The Selfridges Story: 1909 - present

Thought-provoking, unconventional and fearlessly creative: at Selfridges we have always sought to do things a little differently. You see, our stores in London, Manchester and Birmingham are run on imagination. They’re social spaces, not just shops. They’re environments in which you can enjoy extraordinary experiences that you can’t find elsewhere. So join us as we explore the secrets and stories that make Selfridges so special...

Harry Gordon Selfridge


Harry's top five firsts

Now immortalised in Mr Selfridge the TV show (available to stream online), the founder of our store, Harry Gordon Selfridge, changed the world of retail forever when he opened our London store in March 1909. But did you know just how many ways in which he transformed the way we shop?


Making beauty big business

Harry was the first to bring beauty products to the front of a department store. He wanted women to try the products rather than them being hidden behind a counter and, rumour has it, the perfumes helped mask the scent from horses and carts on a busy Oxford Street!


Making a spectacle

Today, Selfridges’ window displays are famous across the world, but back in the early 1900s the theatricality, scale and even the fact that these were the first store windows to be lit at night meant crowds gathered around them at all times of the day.


Championing women's rights

Harry Gordon Selfridge was a big supporter of women's rights, creating window displays that supported the Suffragettes. He even (can you believe it?!) created the first toilets for women in a department store.


The theatre of retail

Live music, dancing and amazing interactive displays: Harry Gordon Selfridge brought true theatre to our shopping experience. On the lower ground you can visit Dolly’s Café, named after the Dolly Sisters who performed in store (and wooed Harry himself!).


Tuning in

Harry Gordon Selfridge was the first retailer to bring the newly invented Television to British customers in 1925 and he even built a radio mast on the roof to send live music recordings from the store to the capital.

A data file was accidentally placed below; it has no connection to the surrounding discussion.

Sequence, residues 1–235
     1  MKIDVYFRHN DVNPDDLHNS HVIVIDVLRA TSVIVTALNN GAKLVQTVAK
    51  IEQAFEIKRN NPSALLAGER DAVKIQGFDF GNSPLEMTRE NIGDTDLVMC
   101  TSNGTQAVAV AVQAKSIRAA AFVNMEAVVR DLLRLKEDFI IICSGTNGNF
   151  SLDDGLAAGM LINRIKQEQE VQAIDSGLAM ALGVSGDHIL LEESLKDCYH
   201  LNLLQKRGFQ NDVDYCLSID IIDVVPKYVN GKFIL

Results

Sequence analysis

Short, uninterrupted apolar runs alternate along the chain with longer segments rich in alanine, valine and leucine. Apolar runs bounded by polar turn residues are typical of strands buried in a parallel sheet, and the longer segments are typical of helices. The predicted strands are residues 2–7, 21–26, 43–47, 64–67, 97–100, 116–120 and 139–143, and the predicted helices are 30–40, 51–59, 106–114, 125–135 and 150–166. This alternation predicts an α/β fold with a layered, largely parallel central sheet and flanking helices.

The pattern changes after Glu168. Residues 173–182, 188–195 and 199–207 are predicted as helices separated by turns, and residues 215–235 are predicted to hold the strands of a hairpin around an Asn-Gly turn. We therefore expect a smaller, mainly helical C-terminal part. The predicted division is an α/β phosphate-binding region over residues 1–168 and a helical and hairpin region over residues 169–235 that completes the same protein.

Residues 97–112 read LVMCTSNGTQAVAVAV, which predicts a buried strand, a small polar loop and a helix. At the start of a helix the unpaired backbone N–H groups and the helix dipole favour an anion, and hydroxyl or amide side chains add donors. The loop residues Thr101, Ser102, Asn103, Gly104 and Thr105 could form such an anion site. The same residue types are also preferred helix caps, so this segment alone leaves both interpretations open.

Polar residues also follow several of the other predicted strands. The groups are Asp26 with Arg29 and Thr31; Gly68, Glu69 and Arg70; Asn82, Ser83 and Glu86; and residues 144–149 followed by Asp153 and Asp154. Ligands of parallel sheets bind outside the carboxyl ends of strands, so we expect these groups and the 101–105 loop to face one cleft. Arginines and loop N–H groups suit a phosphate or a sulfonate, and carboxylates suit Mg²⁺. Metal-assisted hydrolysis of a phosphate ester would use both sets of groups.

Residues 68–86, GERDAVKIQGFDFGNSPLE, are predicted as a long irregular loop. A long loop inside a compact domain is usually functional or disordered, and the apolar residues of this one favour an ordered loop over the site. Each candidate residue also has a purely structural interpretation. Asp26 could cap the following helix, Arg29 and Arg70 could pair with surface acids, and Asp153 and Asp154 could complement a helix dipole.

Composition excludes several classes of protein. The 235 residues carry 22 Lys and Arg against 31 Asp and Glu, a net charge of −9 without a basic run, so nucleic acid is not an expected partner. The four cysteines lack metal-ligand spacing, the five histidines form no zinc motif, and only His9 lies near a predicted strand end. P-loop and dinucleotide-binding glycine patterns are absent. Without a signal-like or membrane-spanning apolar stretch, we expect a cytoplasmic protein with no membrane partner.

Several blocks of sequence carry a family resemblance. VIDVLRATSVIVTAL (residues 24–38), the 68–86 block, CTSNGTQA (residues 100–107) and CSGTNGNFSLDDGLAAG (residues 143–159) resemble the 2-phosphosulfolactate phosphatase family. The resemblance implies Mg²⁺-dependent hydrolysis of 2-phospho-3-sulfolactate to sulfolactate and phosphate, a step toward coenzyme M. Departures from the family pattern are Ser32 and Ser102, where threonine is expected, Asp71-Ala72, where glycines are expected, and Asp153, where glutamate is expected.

The Selfridges yellow rose, 2017 – a specially commissioned artwork by Luke Stephenson


The story of Selfridges yellow

We're famous for our yellow carrier bag – but how did yellow become so synonymous with Selfridges? Well, like every great love story, this one started with a rose – a yellow one, to be precise. 
The Selfridges rose variety was first grown to commemorate the 75th anniversary of Selfridges in 1984, with roses planted in nearby Hyde Park (aka our favourite lunchtime picnic spot). Our founder, Harry Gordon Selfridge, was a keen gardener and called the rose ‘the emblem of the house of Selfridge’ (many hubbie brownie points there, we imagine, as his wife was also called Rose). It wasn’t until the early 1990s that the Selfridges yellow carrier bag first became the It-bag for all, making this bright and buoyant colour synonymous with Selfridges. 


A window into our world

We like to think of our windows as life-sized postcards, telling magical stories through a unique blend of fashion, art and design. Some of our most memorable include the 'No Noise' campaign windows, where iconic items – Marmite jars, Heinz Ketchup, the Selfridges yellow carrier bag (shock horror!) – were stripped of their branding; the Fragrance Lab, where customers could walk through the windows as part of a 'fragrance profiling' experience, and when Paddington Bear appeared with a full-size London taxi. In fact, did you know that the author of Paddington Bear, Michael Bond, was inspired to write those very books by a toy bear he bought here at Selfridges? 

A store should be like a song of which one never tires.

Harry Gordon Selfridge
Rooftop boating lake, 2011 / Sink The Pink Christmas pantomime, 2016


More than a shop

Harry Gordon Selfridge was known as 'the showman of shopping', exhibiting the first plane to fly over the Channel and placing an ice rink and shooting range on the roof (completely safe, we're sure!). And, today, the theatrics are as eyebrow-raising as ever – over the past few years we’ve hosted performances by east London’s renowned party starters, Sink The Pink (including a set that recreated a traditional London pub), a Shakespearean theatre, a boating lake and mini golf course on the roof, and a state-of-the-art music venue. Why? Because what greater luxury is there than a brilliant memory shared between friends? 

Kate Daudy's 'London: A Psychological Landscape', 2017 / Yayoi Kusama store takeover, 2012


State of the arts